10 of the Biggest Platform Development Mistakes

18 Comments

Just like with golf, technology is as much about ensuring that your bad hits are recoverable as it is ensuring that you make great ones. We’re all going to have failures in our careers but avoiding the really big pitfalls will help you keep your company on the right growth path. Here are 10 common mistakes we at AKF Consulting see made during platform development — and the ones we believe are the most important to avoid. 

1) Failing to design for rollback: If you’re developing a SaaS platform and you can only make one tweak to your current process, make it so that you can always roll back any code changes. We know that it takes additional engineering work and testing but in our experience, such effort yields the greatest ROI.

2) Confusing product release with product success: Do you have “release” parties? Don’t — you are sending your team the wrong message. A release has little to do with creating shareholder value. Align your celebrations with achieving specific business objectives, such as increasing sign-ups by 10 percent.

3) Assuming a new Product Development Lifecycle (PDLC) will fix issues with missing delivery dates: Too often CTOs see repeated problems in their development life cycles, such as missing release dates, and wrongly blame the development methodology. Make sure you’re fixing the right thing — lack of ownership or involvement in and/or incomplete understanding of the current PDLC are among the most common root causes of late dates.

4) Allowing history to repeat itself: Organizations don’t spend enough time looking at past failures. The best and easiest way to improve your future performance is to track your past failures, group them by causation and treat the root cause rather than the symptoms. Keep incident logs and review them monthly to identify recurring problems.

5) Scaling through third parties: If you’re a hyper-growth SaaS site, you don’t want to be locked into a vendor for your future business viability; rather you want to make sure that the scalability of your site is a core competency and that it’s built into your architecture. Define how your platform scales through your efforts, not through the systems that a third-party vendor provides.

6) Relying on QA to find your mistakes: You cannot test quality into a system and it’s mathematically impossible to test all possibilities within complex systems to guarantee the correctness of a platform or feature. QA is a risk mitigation function and it should be treated as such. Defects are an engineering problem, and that’s where the problem should be treated.

7) Relying on “revolutionary” or “big bang” fixes: The degree of success of complete rewrites or re-architecture efforts typically ranges somewhere between not returning the expected ROI and complete failure. The best projects — and the ones with the greatest returns — are not revolutionary but evolutionary. Go ahead and paint that vivid description of the ideal future, but approach it as a series of small steps.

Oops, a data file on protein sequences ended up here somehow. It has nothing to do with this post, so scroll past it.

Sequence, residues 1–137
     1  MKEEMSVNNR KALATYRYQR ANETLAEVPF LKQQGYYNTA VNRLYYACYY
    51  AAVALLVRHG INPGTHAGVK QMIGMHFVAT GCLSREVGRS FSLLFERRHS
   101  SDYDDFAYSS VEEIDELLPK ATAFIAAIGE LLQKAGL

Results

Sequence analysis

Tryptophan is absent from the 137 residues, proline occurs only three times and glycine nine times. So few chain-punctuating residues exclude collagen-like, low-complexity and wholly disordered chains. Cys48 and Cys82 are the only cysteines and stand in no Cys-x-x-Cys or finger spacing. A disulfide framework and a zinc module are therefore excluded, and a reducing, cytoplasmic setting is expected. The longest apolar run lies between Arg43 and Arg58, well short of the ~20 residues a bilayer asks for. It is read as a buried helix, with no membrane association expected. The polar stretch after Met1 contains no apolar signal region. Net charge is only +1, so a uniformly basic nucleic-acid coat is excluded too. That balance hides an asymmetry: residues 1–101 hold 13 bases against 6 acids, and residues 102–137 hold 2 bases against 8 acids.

8) Not taking into account the multiplicative effect of failure: Every time you have one service call another service in a synchronous fashion, you are lowering your theoretical availability. If each of your services is designed to be 99.999 percent available, then the product of all of the service calls is your theoretical availability. Five calls is (.99999)^5 or 99.995 availability. Eliminate synchronous calls wherever possible and create fault-isolative architectures to help you identify problems quickly.

9) Failing to create and incent a culture of excellence: Bring in the right people and hold them to high standards. You will never know what your team can do unless you find out how far they can go. Set aggressive yet achievable goals and motivate them with your vision. Be a leader.

10) Not having a business continuity/disaster recovery plan: No one expects a disaster, but they happen, and if you can’t maintain normal business operations you will lose both revenue and customers. A solid business continuity plan explains to everyone how to operate in the event of an emergency. Even worse is not having a disaster recovery plan, which outlines how you will restore your site in the event a disaster shuts down a critical piece of your infrastructure, such as your collocation facility or connectivity provider. Our preference is to provide your own disaster recovery through multiple collocation facilities.

Marty Abbott and Michael Fisher are partners with AKF Consulting.

18 Comments

Chirag Mehta

This could be a long comment and non-HTML format would strip the links out. I have captured my comments in a detailed post on my blog at: